By Michael Humphrey
Downtown Liberty is the kind of place that just makes you take a deep breath. The old-fashioned square of a county seat; the tree-lined neighborhoods; a small college up the hill, with its 19th Century red-brick charm. You know you are in America when you come to Liberty – and you might even be willing to believe it is an America of years gone by.
But Liberty, located 20 minutes north of downtown Kansas City, has the American spirit when it comes to business, too. It has its shingle up, its door unlocked and Liberty is ready to work for the all-mighty dollar.
That’s means meetings, too, of a certain size, anyway.
“If you need a convention-style meeting,” says Gayle Potter, president of the Liberty Area Chamber of Commerce, “there are several parts of Kansas City that can facilitate that. We’re not that. But if a small group is looking for a getaway with some charm – and needs to have the amenities for a meeting – we can do that.”
Small groups – 10 to 20, for instance – will find plenty of opportunities to have a great meeting and fun outings. Groups of 30 to 50 will still feel the comfort of Liberty. And what’s nice − the city understands its limitations and isn’t trying to oversell. Groups of 200 are going to stretch the city’s hospitality and dining infrastructure – although it is still possible to enjoy the town with a group that size, in certain venues.
“Platte County can serve that size of group (200+) better than we can,” Potter says. “They have the airport, the hotels and the expo center to do that. But when groups smaller than that want more ambience, we make a lot of sense.”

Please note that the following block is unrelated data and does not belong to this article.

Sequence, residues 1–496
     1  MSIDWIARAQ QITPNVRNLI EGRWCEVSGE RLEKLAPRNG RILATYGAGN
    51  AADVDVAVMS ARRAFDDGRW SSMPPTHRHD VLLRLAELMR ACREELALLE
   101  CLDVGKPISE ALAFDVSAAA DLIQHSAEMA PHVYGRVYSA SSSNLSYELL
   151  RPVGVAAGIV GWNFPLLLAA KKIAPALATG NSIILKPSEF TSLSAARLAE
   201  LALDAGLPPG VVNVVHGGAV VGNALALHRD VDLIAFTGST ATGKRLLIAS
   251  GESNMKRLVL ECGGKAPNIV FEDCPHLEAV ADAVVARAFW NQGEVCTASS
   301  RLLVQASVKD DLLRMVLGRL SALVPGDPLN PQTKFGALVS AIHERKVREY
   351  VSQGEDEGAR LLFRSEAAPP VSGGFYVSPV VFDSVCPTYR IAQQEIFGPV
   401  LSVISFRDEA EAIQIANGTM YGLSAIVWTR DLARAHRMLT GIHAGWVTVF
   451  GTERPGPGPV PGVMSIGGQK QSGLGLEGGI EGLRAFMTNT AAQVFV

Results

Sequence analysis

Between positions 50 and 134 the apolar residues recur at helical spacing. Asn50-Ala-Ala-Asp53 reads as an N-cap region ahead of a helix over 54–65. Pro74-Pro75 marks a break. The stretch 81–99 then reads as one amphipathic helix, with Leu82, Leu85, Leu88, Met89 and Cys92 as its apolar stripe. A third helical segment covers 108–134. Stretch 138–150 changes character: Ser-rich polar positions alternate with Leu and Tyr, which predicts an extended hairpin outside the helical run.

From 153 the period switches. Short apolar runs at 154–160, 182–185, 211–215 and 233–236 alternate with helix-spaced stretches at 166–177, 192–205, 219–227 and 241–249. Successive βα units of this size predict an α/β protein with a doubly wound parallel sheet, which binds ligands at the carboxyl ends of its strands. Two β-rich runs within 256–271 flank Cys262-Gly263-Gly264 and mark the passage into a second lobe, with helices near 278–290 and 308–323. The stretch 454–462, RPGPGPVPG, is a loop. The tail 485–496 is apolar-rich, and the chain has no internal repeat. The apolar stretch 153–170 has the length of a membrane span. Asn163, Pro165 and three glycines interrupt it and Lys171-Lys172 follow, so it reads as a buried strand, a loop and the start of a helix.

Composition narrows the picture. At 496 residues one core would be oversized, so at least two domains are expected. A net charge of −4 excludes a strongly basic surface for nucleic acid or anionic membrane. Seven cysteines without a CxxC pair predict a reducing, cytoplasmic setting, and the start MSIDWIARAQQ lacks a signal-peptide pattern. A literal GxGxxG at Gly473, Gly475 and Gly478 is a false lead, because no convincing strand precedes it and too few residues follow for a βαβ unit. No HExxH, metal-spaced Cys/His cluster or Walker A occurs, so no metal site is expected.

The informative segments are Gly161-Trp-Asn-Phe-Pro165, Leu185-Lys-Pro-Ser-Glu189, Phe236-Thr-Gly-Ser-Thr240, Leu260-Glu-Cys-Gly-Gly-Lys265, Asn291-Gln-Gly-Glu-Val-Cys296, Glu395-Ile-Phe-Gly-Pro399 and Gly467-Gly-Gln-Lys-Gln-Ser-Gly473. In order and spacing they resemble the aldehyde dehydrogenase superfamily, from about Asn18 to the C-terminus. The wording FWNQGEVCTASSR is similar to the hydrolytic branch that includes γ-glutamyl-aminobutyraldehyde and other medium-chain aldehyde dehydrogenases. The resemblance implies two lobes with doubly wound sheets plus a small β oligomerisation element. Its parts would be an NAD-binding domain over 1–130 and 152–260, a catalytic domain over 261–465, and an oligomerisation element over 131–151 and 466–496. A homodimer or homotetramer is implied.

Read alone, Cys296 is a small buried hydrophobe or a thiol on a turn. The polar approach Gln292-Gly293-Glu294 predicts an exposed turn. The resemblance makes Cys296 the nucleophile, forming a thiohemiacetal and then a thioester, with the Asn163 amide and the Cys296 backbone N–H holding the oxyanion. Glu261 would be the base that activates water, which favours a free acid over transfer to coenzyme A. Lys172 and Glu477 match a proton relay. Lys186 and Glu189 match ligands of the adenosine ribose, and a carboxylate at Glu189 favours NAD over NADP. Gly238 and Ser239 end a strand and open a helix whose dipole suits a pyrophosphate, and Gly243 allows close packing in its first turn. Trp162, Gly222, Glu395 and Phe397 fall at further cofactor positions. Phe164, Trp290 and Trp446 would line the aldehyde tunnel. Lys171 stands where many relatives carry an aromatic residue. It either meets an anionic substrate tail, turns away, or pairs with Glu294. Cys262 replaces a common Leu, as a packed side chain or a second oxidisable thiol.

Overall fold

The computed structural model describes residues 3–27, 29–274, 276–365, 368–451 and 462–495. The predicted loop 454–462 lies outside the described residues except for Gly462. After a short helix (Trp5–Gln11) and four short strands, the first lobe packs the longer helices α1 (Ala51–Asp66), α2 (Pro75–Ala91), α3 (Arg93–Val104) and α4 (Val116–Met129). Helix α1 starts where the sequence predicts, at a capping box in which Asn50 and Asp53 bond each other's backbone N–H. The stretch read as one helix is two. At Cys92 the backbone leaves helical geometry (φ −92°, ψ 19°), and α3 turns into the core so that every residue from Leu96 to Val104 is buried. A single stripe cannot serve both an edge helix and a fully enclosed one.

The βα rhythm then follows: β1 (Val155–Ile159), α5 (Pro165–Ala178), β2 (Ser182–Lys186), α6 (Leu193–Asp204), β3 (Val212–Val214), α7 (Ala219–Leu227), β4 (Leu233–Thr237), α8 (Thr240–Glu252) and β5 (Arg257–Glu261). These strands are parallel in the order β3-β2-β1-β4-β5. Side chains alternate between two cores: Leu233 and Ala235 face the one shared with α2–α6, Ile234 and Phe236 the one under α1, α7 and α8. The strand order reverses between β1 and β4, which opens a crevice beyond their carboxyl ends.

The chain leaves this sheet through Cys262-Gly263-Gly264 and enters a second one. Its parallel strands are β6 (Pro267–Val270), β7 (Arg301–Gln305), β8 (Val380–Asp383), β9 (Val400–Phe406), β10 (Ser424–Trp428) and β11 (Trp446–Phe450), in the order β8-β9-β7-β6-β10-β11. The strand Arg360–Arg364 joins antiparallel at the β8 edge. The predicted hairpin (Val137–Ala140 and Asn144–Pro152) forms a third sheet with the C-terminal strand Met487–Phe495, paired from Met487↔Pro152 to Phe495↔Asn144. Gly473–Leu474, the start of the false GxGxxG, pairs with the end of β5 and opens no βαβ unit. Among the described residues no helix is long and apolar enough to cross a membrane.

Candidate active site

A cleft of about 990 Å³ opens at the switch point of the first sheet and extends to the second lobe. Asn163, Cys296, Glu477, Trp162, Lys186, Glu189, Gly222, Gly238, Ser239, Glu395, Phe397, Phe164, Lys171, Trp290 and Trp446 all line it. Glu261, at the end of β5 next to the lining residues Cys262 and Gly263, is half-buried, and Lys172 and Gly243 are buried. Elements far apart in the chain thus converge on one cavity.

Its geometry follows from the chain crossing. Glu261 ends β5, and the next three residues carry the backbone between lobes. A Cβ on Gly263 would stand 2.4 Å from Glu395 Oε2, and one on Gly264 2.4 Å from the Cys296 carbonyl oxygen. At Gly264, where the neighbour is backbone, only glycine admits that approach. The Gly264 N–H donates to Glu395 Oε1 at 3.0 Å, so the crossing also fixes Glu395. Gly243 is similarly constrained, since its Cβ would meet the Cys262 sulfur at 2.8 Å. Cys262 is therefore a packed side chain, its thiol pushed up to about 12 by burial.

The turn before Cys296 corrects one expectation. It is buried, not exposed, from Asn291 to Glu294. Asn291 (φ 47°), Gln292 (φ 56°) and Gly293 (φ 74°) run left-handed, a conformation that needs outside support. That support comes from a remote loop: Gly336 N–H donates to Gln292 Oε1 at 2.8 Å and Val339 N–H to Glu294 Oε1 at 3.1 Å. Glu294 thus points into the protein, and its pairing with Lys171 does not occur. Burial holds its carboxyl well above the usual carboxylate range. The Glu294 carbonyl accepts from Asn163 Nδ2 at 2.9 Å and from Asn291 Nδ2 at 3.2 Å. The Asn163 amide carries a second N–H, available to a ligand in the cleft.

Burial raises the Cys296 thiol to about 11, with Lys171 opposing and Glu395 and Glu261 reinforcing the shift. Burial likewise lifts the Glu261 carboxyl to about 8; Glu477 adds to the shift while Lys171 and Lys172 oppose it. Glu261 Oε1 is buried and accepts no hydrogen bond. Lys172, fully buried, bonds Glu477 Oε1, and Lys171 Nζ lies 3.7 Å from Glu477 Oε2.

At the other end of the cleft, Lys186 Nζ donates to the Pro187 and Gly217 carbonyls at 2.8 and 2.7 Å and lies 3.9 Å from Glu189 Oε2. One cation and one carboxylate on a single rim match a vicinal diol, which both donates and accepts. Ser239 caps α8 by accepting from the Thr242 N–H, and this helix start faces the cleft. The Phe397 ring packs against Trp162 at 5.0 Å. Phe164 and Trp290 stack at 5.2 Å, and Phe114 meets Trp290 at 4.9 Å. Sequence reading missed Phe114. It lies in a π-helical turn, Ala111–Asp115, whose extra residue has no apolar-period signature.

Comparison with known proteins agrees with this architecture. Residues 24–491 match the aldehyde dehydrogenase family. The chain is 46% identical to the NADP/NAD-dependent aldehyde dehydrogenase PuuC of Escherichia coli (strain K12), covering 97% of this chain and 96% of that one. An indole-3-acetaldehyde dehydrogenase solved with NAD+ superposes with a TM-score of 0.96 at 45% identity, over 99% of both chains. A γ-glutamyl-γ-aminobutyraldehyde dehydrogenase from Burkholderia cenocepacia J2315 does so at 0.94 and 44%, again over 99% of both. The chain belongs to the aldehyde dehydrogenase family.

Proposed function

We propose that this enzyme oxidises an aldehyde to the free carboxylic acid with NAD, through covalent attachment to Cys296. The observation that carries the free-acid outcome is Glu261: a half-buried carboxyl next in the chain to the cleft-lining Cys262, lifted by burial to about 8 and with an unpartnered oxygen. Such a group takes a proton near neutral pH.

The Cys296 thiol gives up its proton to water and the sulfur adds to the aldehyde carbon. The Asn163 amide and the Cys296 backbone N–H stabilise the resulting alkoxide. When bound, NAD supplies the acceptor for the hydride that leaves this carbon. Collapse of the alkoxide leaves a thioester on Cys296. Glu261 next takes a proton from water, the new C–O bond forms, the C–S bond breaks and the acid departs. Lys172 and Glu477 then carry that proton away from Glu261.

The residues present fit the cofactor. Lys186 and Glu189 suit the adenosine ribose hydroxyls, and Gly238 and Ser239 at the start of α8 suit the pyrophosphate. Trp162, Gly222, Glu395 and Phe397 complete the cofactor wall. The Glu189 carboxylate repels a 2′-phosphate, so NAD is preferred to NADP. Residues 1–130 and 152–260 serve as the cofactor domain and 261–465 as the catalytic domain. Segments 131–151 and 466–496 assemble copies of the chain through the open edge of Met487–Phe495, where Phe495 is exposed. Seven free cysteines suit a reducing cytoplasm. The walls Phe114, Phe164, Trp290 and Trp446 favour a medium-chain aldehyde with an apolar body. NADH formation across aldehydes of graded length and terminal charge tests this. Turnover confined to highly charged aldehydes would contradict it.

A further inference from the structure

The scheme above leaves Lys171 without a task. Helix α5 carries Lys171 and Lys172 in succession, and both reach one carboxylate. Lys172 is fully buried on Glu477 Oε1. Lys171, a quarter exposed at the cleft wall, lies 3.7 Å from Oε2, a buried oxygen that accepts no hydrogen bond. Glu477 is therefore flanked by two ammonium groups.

Liberty, big and small
Which kind of Americana do you want your group to experience? Actually, in Liberty, the choice is minute-to-minute rather than one or the other.
Downtown, Liberty has the look and feel of a burgh several hundred miles away from a metropolitan area. Quaint shops, a bookstore and coffee shop, bed and breakfasts, locally owned restaurants, small historical museums and William Jewell College make you feel far away.
On the edge of town, along the I-35 corridor, there’s a whole different image of America. Big box retail stores, a multitude of chain restaurants and hotels are clustered together near a boom of new housing developments. Most of the developments are technically in Kansas City, Mo., which has borders that snake all over the metro area. Liberty, therefore, has remained a town of just 28,000.
“But we have the amenities of a much larger city,” Potter says.
And unlike many cities that have a tension over this kind of growth, leaders here see the relationship as symbiotic.
“To preserve the heritage of Liberty, which is so rich, we have to have the (major developments) to create the sales tax dollars and property tax dollars to deliver simple, basic services,” Liberty city administrator Curt Wenson told the Commercial Journal.
It creates a combination that only a few towns in the metro area can match, and few as seamlessly as Liberty. Even fewer have the rich history that Liberty can brag about.
“History is one of our most important assets,” says Faith Weber, communications director for Liberty’s Chamber of Commerce. “It’s not just the things that happened here in the past, but the feel of history in our town.”
Liberty is the second-oldest incorporated town west of the Mississippi River. It was incorporated in 1829, seven years after it was established as a port town along the Missouri River. (The Missouri has long since meandered away from the city limits.)
And when you think of history that makes up the American West, Liberty owns a good piece of that heritage. Jesse James might come to mind, for instance, and one of his famous bank heists took place in Liberty, the first daylight robbery during peace time in the United States. That’s not just a fact – it’s a museum. The Jesse James Bank Museum shows the original vault where the robbery took place and tells great stories of the James Gang exploits.